After the DeFi market soared to over $200 billion USD in 2021, staking became an attractive method for generating passive income and preserving ROIs. Some platforms platform may offer as much as 5-30% or even 100% interest on specific assets, compared to a bank’s savings account, where one earns around 2% or 3% interest. Non-Custodial Offline Staking is becoming increasingly popular with crypto holders as they can keep full control of their private keys and staked funds – this is important to consider when deciding which staking platform to use.
Amid all the news headlines about NFTs and DeFi, there’s one area of crypto that’s been in incredible growth this year – yet it rarely seems to attract comment. In the last year or two, funds have been positively pouring into the staking sector. The fact that proof-of-stake has now become the de facto consensus method of choice for newer blockchains has undoubtedly been the core reason for the increase.
However, along with an increase in platforms, there has been significant funds pouring into staking infrastructure and innovating on the staking model by providing liquidity to staked tokens.
It’s hardly surprising when you consider that even the lower rates of return clock in at around 5% – significantly more than you’d get from a bank. As a result, there’s now a burgeoning staking market that now accounts for over $365 billion in funds locked across all proof-of-stake chains.
But with so many projects on the scene, it can be difficult to know where to start. Here are three great platforms to check out if you’re looking to cash in on the growing trend for staking.
For many people, staking can be a daunting task as it usually means either staking funds using an online software wallet like Metamask or placing trust in a third party such as an exchange or staking pool. Both come with inherent risks. Once you hand over your cryptocurrency to a third party, you’re dependent on them to safeguard it against hacks and attacks. However, online wallets are also vulnerable to malicious incidents.
Most hardened cryptocurrency users advise getting your own hardware wallet, but doing so will mean you’re excluded from staking on most networks.
However, Qtum QTUM, 12.03% is the exception to that general rule, offering an offline staking option via users’ own wallets, including cold wallets. Any non-staking wallet capable of making the delegation assignment transaction can delegate QTUM tokens to one of the network’s “Super Stakers,” which are effectively nodes capable of accepting delegated addresses. Offline staking is non-custodial, so users keep full control over their staked funds and private keys. Furthermore, there is no unstaking period – a mandatory notice period to unstake tokens required on many blockchains.
QTUM currently pays out returns of over 20%, which is very competitive compared to rival blockchains. Furthermore, with the first QTUM halving due to take place imminently, the rewards could become subject to an inflationary squeeze similar to what happens when Bitcoin rewards undergo their regular halving.
Polkadot DOT, 7.60% has been whipping up a storm over recent weeks with the launch of its long-awaited parachain auctions in mid-November. The network already launched its main proof-of-stake chain last year, which has been in stable operation and paying out staking rewards of around 12-15% ever since.
However, the parachain auctions introduce an intriguing new dynamic to Polkadot’s DOT tokenomics. They allow users to stake their DOTs in a loan to projects wanting to operate as a parachain on the Polkadot main chain. In return, DOT lenders can earn generous token rewards from the projects. Timing is another factor, though – loaned funds cannot be unlocked for 96 weeks, whereas stakers can have access to their liquidity within only 28 days.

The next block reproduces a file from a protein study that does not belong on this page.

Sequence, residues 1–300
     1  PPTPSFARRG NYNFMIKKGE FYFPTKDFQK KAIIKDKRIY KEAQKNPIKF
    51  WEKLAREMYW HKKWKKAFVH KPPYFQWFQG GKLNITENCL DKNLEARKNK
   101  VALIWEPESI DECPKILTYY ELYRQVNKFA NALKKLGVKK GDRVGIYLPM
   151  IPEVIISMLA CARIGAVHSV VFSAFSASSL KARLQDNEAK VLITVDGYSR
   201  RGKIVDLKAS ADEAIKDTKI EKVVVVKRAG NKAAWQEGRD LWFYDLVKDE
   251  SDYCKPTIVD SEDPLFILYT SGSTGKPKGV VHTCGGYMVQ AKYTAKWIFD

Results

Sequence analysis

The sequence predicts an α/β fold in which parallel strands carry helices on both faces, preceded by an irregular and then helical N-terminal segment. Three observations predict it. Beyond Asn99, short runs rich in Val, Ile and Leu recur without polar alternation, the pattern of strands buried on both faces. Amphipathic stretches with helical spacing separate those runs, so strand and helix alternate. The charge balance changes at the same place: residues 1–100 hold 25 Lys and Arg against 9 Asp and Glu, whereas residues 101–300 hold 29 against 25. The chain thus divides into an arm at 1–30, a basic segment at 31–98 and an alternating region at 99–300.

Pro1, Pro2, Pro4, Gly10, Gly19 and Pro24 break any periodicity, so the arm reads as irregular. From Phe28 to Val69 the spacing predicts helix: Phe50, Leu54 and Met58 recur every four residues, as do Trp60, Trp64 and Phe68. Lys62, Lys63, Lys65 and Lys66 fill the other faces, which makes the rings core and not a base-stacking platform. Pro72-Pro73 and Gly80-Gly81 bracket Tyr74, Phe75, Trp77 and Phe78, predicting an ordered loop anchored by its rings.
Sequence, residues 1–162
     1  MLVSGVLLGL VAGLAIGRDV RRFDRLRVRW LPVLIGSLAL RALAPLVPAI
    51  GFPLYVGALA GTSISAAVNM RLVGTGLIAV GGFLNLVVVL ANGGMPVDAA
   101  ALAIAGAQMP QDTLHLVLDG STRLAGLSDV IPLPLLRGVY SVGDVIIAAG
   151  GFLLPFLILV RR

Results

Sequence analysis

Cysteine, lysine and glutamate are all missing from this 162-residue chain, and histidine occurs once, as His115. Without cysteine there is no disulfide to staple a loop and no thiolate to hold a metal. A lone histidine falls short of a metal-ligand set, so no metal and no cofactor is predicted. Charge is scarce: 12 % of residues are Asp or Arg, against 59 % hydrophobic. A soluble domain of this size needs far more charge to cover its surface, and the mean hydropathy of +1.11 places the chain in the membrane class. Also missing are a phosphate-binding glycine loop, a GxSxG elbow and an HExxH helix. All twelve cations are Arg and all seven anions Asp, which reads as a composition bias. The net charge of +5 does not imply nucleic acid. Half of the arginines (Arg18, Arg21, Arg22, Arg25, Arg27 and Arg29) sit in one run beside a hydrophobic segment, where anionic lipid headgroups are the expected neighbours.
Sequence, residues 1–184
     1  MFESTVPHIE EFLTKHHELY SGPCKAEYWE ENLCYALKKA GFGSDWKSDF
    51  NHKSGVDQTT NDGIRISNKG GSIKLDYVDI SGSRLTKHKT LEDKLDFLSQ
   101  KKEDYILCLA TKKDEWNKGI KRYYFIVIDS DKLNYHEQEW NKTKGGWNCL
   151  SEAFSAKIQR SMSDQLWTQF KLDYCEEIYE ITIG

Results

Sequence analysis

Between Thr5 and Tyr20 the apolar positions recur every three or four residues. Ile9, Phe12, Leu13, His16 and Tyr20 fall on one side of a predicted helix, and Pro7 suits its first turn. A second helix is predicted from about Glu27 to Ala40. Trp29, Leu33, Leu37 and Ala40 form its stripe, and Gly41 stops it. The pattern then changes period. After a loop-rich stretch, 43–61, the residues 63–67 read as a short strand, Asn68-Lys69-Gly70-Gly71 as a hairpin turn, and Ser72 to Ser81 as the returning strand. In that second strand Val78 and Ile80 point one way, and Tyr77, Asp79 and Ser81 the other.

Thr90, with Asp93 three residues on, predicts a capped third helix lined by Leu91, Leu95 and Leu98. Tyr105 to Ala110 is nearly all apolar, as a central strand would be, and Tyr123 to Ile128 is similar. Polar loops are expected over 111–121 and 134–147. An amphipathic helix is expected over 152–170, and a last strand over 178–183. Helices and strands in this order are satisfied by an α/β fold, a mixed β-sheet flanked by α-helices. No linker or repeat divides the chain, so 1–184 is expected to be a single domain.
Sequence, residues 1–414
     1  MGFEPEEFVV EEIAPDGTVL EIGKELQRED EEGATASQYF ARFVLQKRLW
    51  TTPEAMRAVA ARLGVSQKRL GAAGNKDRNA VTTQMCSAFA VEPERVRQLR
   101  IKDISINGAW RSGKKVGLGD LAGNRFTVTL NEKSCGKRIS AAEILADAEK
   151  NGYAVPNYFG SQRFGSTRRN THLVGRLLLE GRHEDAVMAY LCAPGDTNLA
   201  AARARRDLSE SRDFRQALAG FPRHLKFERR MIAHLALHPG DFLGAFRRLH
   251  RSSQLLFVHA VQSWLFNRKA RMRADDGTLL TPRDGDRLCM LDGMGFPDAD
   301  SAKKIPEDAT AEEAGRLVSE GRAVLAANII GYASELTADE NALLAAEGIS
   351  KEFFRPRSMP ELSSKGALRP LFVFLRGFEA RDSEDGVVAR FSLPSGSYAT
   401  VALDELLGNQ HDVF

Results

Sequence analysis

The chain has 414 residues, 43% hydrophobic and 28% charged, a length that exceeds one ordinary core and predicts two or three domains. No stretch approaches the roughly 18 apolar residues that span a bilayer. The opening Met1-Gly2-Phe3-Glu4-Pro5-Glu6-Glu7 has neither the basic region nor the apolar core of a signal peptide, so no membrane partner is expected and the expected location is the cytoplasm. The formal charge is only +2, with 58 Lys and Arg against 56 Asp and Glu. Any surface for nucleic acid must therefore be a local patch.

This dynamic creates a system of gamification among DOT holding community, who have multiple forces competing for their DOTs to stake. Projects must offer a compelling enough reason to entice users to lend DOTs, but once too many DOTs become unstaked, the algorithm will increase the staking incentives to lure back DOT holders.
As such, there are plenty of reasons for those interested in staking to take a look at the opportunities on Polkadot. The timing is also ideal – the parachain auctions are already underway, and although some of the projects have already closed their loans, others are still open for participation.
Cardano ADA, 6.38% has been one of the biggest staking networks since launching its proof-of-stake consensus on mainnet in the summer of 2020. It only recently lost its crown to Solana as the network with the most tokens staked, boasting over 70% of the total ADA supply locked in the network. One good reason to stake with Cardano is that it has a high level of interest from institutional market participants due to its long-term roadmap and peer-reviewed codebase.
Although it doesn’t offer an offline staking option like QTUM, Cardano holders can still enjoy non-custodial staking with a wallet like Exodus. The network has several important upgrade announcements due imminently. However, perhaps most importantly, it’s gaining significant traction among the developer community, who have been waiting several years for the network to launch smart contract capabilities.
Given we’ve seen considerable price action in other platform tokens following the big adoption announcement, ADA is definitely one of the staking tokens worth watching over the coming months.
It’s not just events in the crypto markets that are drawing the spotlight towards staking. The threat of interest rate rises and an all-round shaky economy post-Covid means that investors are interested in new and innovative ways of generating returns. All things considered, the future looks bright for staking.
Via this site